If properly maintained, wood – lap siding, vertical boards, shingles, and shakes – will last for generations, and there’s nothing else like it for a rich look. However, the hassle of protecting and maintaining wood drives many homeowners to other siding choices. Wood expands and contracts with the seasons, so it is prone to splitting and cracking. It is also prone to mildew in humid parts of the country.
Redwood, cedar, and cypress stand up well to rot and insects. These woods can be left to weather in benign climates, but most species require regular maintenance – you will need to restain or repaint every few years.
In addition to offering siding that looks like cedar boards, vinyl companies offer such decorative details as trim that mimics fish-scale shingles and replications of historic wood clapboard siding. Today’s vinyl siding looks better than ever (particularly seamless vinyl), resists assaults from the wind, and won’t rot, dent, flake, scratch, or blister. It can become brittle in very cold weather.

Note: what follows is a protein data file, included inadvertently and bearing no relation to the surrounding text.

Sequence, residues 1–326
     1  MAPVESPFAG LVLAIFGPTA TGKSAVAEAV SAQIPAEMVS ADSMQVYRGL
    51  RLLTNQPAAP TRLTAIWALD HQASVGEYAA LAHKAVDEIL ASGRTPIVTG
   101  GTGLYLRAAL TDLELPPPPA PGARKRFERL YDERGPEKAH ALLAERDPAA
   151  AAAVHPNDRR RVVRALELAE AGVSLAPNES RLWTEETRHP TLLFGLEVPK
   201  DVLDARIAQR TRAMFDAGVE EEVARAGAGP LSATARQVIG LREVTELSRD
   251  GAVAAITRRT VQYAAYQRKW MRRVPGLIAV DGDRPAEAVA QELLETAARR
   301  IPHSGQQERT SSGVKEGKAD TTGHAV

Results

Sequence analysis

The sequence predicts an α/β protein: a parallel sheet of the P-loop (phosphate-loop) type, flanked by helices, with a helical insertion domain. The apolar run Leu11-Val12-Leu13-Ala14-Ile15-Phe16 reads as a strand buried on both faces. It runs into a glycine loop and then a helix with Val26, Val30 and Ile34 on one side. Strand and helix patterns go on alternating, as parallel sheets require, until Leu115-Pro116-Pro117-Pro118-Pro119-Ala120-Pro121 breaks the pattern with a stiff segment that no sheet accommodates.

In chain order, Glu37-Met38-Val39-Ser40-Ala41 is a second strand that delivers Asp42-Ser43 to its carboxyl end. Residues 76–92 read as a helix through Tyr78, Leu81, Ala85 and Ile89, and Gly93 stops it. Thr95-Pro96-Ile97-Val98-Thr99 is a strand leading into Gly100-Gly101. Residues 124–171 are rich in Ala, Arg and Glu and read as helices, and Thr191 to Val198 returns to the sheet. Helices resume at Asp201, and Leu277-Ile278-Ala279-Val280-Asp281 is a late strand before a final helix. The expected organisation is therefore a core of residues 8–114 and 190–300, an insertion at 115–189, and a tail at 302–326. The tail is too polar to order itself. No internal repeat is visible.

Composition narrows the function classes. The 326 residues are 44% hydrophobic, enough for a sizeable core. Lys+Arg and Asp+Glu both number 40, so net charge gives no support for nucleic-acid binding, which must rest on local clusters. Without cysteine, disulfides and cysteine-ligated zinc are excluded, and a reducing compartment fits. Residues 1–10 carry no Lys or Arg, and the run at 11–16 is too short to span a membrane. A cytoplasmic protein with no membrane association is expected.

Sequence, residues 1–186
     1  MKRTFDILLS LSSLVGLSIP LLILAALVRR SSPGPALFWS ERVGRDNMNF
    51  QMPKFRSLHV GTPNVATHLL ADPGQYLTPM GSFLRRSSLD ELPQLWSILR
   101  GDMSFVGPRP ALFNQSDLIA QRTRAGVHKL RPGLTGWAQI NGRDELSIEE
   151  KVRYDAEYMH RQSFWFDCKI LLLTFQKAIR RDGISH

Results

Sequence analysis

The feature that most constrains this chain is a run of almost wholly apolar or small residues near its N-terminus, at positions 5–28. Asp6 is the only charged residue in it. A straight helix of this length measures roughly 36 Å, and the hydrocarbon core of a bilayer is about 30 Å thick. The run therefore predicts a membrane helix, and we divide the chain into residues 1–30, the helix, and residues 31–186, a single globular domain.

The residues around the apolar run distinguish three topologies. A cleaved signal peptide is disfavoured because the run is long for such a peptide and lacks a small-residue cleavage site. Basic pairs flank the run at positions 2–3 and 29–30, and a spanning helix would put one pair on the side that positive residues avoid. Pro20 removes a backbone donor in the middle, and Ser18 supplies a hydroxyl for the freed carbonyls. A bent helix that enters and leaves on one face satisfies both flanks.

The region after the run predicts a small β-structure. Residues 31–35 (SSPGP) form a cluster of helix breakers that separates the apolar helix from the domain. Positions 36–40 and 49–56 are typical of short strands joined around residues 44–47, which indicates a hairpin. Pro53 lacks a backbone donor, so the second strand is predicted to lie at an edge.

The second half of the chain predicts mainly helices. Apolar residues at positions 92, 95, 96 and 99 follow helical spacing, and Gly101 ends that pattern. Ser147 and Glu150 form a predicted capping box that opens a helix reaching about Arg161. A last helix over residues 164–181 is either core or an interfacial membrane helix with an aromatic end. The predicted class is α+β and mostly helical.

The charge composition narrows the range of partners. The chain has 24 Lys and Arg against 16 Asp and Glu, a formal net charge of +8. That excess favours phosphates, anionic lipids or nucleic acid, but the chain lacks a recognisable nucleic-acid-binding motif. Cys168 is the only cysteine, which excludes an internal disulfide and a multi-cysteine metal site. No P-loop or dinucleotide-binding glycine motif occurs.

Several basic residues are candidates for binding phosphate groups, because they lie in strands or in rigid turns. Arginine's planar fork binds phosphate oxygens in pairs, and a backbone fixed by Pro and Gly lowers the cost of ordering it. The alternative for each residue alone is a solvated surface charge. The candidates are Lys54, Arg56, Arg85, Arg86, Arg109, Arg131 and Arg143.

Steel and aluminum siding, offered in a variety of prefinished colors, comes in vertical (such as board-and-batten) and lap styles. Many brands offer profiles and textures that are almost indistinguishable from wood. Most of today’s metal sidings are dent- and wind-resistant and require little maintenance.
Engineered wood and hardboard
Made up of bits of wood that are bonded together with special resins and treated with fungus repellents and insecticides, these products often stand up to moisture, mildew, and termites better than wood. Products come in both lap and vertical siding styles and are easy to install. Engineered materials stand up well to the harmful effects of the sun, bad weather, abrasion, and chemicals.
Hardboard is considered the granddaddy of engineered wood products. It is usually composed of pressed wood fibers. It comes bare, primed, or finished. A knot- and grain-free alternative to solid lumber, hardboard resists splitting, cracking, hail, and wind damage.